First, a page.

Deepen participant’s understanding of quality mathematics and language instruction in order for them to be more effective trainers and teachers
Start Date: 1 March 2010 / Completion Date: 30 May 2012
Funding: UNICEF, Skopje – http://www.unicef.org/tfyrmacedonia/index.html
Primary school teachers from Grade 1-4
In a 2002-2003 survey comparing combined scores from three international tests – the Third International Mathematics and Science Study (TIMSS), the Progress in International Reading Literacy Study (PIRLS), and the Programme for International Assessment (PISA) – the lowest on absolute disadvantage  of the nine countries of Central and Eastern Europe and Commonwealth of Independent States (CEE & CIS) that participated. Specifically, Macedonia ranked 29 out of 38 countries on the TIMSS administered to Grade 8 students; 29 out of 35 countries on the PIRLS administered to Grade 4 students; and 37 out of 41 countries on the PISA. Also, the scores on both national assessments for mathematics and language in Macedonia  show low results, compared with Macedonian teachers, educational experts and educational official’s expectations. The background data from international and national assessment reports show that a big impact on student’s mathematics achievement has the implemented curricula (how the prescribed curriculum is implemented by teachers in their classrooms).
In December 2009 a baseline study for numeracy and in December 2010 a baseline study for literacy were conducted. Results from both baseline studies show that the teacher’s knowledge and skills for teaching early mathematics, reading and writing are very important for better students’ achievement. Especially, the teaching pedagogy and methodology for mathematics and language. These studies show that teachers achieved much lower than expected results on test items that measure subject knowledge (in mathematics) and methodological and pedagogical subject knowledge in teaching situations (in mathematics and languages). The need for better teachers’ preparation trough in-service training, and in pre-service replication teachers’ education is identified and recommended.
As a result of above mentioned, UNICEF, the Ministry of Education and Science and the Bureau for Development of Education, agreed to work together on strengthening the capacity of the education system in Macedonia, more specifically the capacity of teachers to deliver high quality mathematics and language instruction to students in grades 1, 2 and 3. The project Building Teacher Capacity in Literacy and Numeracy to Improve Student Learning Outcomes, in the early grades in Macedonia started with Mathematics and Language National Trainers Training workshop organized by UNICEF, with the aim to deepen participant’s understanding of quality mathematics and language instruction in order for them to be more effective trainers and teachers. The national trainers are responsible to improve their own teaching, to disseminate the training in their respective schools, and to train other teachers on a national level. The national trainers started training of other teachers in two phases: Phase 1 is the phase when the national trainers (mathematics and language) applied new knowledge and concepts in their own classrooms and trained lower grade teachers from 33 schools, and Phase 2 is the phase when the national trainers disseminated the training to 44 primary schools in lower grades (mathematics). Up-to-date total 77 primary schools were involved in mathematics training and 33 primary schools in language Phase 1 training. This project will support Phase 3 and 4 in the mathematics component and Phase 2 and 3 in language component.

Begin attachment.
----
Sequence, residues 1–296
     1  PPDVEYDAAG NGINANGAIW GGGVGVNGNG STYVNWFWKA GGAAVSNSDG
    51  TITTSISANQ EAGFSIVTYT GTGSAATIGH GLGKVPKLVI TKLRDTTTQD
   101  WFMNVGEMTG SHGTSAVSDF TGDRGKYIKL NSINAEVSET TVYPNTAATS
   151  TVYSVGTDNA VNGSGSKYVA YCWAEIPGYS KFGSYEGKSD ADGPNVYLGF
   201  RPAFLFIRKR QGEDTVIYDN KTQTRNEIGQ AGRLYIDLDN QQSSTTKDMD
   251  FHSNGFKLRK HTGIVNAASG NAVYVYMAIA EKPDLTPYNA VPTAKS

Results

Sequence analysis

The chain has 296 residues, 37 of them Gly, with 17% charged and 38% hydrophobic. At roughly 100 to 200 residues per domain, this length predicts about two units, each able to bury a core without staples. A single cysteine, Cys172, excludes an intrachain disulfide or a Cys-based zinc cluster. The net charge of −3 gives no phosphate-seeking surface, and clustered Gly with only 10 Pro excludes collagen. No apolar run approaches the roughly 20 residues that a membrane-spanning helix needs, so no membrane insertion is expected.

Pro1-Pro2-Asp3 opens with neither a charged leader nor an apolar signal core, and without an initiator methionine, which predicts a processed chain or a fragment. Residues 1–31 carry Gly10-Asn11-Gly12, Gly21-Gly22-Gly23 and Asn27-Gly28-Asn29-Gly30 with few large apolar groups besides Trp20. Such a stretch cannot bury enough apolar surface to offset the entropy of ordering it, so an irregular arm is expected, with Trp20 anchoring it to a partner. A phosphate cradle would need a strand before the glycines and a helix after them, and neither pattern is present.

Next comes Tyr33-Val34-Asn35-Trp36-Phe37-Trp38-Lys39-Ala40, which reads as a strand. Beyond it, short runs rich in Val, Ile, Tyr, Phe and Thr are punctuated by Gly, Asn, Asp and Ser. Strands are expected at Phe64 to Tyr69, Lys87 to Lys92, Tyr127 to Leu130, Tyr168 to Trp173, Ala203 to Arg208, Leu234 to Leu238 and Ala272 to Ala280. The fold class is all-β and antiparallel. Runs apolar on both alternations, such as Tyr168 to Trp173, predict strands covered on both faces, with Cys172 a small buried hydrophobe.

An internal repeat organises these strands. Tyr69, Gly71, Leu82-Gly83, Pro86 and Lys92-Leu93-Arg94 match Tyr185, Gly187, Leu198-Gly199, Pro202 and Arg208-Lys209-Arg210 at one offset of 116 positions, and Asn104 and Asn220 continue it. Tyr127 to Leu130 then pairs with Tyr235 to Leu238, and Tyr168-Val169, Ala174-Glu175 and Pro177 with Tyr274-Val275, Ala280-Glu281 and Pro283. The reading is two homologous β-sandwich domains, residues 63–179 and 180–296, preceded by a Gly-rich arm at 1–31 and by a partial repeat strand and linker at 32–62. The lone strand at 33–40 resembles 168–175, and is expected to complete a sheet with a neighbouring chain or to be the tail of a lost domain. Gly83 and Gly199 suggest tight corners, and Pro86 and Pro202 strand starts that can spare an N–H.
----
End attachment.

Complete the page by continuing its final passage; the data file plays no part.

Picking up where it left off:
During the trainings, as well as during the application of the new Literacy and Numeracy programs within the primary schools the need of replication of both numeracy and literacy programs with teaching staff at the teacher training faculties was emphasized. The faculties teaching staff (in the 4 pedagogical faculties in Macedonia: “St. Kiril and Metodij” in Skopje, “St.Kliment Ohridski” in Bitola, “Goce Delcev” in Stip and the Faculty of Philosophy at the State University Tetovo) need to be introduced to the concept and structure of the Literacy and Numeracy Program for the primary schools, so the continuity is provided for the pre-service training of the future primary school teachers. In 2010, a two-day workshop was facilitated by UNICEF international trainers for faculties’ teaching staff in aim to introduce them to the Literacy and Numeracy programs. At this workshop the structure, principles and concepts of the Literacy and Numeracy programs were presented to the pedagogical faculties teaching staff that teaches subjects related to literacy and numeracy. According to the pedagogical faculties teaching staff’s feedback the Literacy and Numeracy Program for the primary school curriculum is of big relevance within the context of the pre-service programs for training the future primary school teachers. In order to deepen the Literacy and Numeracy program at the pedagogical faculties it is necessary to intensify the activities for extending the capacity of the pedagogical faculties’ teaching staff through implementing more activities and workshops, as well as Numeracy and Literacy modules/syllabuses within related subjects’ curriculums.
The proposed approach will ensure that until end of May 2012, total number of 198 schools will be involved in numeracy training, which means that about 60% from all primary schools will be reached, and total number of 139 schools will be involved in literacy trainings, which means that about 40% from all school will be reached.
 The concept of absolute disadvantage refers to being at a low level of achievement relative to a common international benchmark.
 National assessment 2001 for grade 4 students and National assessment 2006 for grade 8 students.